“When Knobby unexpectedly made his way back onto the ice, after being knocked out by a dirty hit the game prior, the hometown crowd erupted,” says fan Steve Marshall, who was 14 at the time.
“If there was a Jumbotron in those days the perfect scene to play on it then would have been Sheriff Brody telling the Captain in the ‘Jaws’ movie ‘you’re gonna need a bigger boat.’”
“Knobby knew how to hit on the ice,” says Hutton. “It was an art. He hit with both hands. Right away he laid out two guys — kaplunk. You gotta remember this was just one or two strides down from NHL hockey,” says Hutton, who had 195 pounds on his 5’-9” frame. “I was chunky and could take a knock.”
“Bobby hit mainly with his left hand which took people by surprise,” says Seaward. “After that, the newspapers in Ottawa made us out to be barbarians.”
Barrie won the first two games, but St. John’s won the third by forfeit when the Barrie coach refused to finish the game.
“There was a bench-clearing brawl near the end of the first period (of the third game),” remembers Seaward. “The Flyers refused to take to the ice and the game was forfeited to the Caps.”
That decision by the Flyers coach led to his suspension.
Plus The Flyers refused to play any more games unless outside officials were brought in. They had to apply to the Canadian Amateur Hockey Association to bring in officials from Quebec and as a result the next game was one day late.
Early in the first period of Game 4, Seaward, who stood a little over 5’-7” but played a physically rough game, took a hit to the eye with a high stick.
After several minutes lying on the ice, a doctor was called from the crowd and after examining Seaward, had him transported out of the Stadium on a stretcher.
An ambulance took him to
St. Clare’s hospital, where doctors told him he was hemorrhaging from the eye.
In the meantime his mother was home listening to the game on the radio when she heard George McLaren say, “Seaward’s been injured.”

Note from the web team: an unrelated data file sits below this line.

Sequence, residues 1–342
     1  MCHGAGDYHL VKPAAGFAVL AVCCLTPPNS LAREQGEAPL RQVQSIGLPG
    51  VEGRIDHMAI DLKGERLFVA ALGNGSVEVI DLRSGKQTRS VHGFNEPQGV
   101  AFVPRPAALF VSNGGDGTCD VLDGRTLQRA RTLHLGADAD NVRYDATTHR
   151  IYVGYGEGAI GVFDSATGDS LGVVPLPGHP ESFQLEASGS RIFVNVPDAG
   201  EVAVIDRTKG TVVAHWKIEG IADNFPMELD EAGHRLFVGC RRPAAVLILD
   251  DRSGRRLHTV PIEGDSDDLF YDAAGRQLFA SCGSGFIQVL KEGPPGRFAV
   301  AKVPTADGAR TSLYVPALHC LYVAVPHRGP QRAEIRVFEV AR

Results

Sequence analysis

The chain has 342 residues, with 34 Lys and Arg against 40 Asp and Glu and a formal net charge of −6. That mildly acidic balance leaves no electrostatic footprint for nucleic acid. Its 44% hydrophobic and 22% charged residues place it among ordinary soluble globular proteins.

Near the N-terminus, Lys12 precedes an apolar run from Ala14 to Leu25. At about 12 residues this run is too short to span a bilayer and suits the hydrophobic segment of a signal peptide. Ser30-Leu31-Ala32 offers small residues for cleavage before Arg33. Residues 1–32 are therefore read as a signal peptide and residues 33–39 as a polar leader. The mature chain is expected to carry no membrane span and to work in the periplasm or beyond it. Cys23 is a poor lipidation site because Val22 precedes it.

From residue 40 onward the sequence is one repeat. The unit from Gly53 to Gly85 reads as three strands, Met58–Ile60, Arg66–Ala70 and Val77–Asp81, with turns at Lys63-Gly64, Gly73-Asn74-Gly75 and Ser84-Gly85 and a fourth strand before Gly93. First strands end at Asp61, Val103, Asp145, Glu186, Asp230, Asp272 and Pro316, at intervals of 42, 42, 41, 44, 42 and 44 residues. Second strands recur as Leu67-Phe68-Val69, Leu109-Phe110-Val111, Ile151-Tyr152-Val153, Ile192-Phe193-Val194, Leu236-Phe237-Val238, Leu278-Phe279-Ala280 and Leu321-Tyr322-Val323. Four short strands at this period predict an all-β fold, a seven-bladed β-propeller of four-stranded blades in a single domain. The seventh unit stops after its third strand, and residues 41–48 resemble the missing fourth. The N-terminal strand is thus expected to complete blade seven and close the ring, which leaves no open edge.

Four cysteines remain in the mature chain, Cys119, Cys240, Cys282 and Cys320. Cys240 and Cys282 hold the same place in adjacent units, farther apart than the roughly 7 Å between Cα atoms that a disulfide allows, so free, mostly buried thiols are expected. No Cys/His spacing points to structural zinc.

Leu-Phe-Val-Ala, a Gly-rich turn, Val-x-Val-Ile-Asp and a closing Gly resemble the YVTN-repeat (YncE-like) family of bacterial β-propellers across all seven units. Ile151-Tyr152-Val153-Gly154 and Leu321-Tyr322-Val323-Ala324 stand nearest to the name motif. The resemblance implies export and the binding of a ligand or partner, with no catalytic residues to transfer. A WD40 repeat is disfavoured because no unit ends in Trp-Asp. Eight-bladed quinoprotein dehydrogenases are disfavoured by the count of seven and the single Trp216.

She was worried sick until someone called later to tell her the extent of the injury. Seaward missed the rest of the final game which Barrie won to take the series.
He had to wear an eye patch for six days. Luckily his eyesight returned.
“The Barrie Flyers limped home with a win,” says Hutton. “We lost the games, but we won the fights.”
The Barrie Flyers lost to The Thunder Bay Twins in the Allan Cup final that year.
Bobby (Knobby) Lambert now lives in Halifax. He gave up hockey to sing and play guitar. He has just released a new Jimmy Buffet-inspired CD called “A Taste of Salt.”
Hubert Hutton still plays hockey and is publisher of Atlantic Business Magazine.
Erik Seaward just retired from the provincial government and although he no longer plays hockey, he enjoys teaching his granddaughter to skate. In the summer you might catch up with him landscaping Admiral’s Green golf course in Pippy Park.
Steve Marshall is still a big fan of hockey. He is a partner at the law firm Roebothan, McKay and Marshall in St. John’s.
Members of the 1975 St. John’s Caps:
Goalie Pat Dempsey
Goalie Tols Chapman
Coach Bob Badcock
General Manager Terry Trainor
Trainers Bill Clarke and Dave McNiven
Members of the 1975 Barrie Flyers
Playing Coach Darryl (Slip) Sly (former NHL player, Vancouver, Toronto and Minnesota, won silver medal with Canada in 1960 Olympics)
Corby Adams, scored majority of goals for the Flyers
Trainer Graham Rayton
Susan Flanagan can be reached at firstname.lastname@example.org
Marilou and The Big Snow feedback:
Krista Burke writes: “My grandmother is Gerry Burke. ... She was an amazing lady and this is just one of things I didn’t know about her that makes her even more amazing.”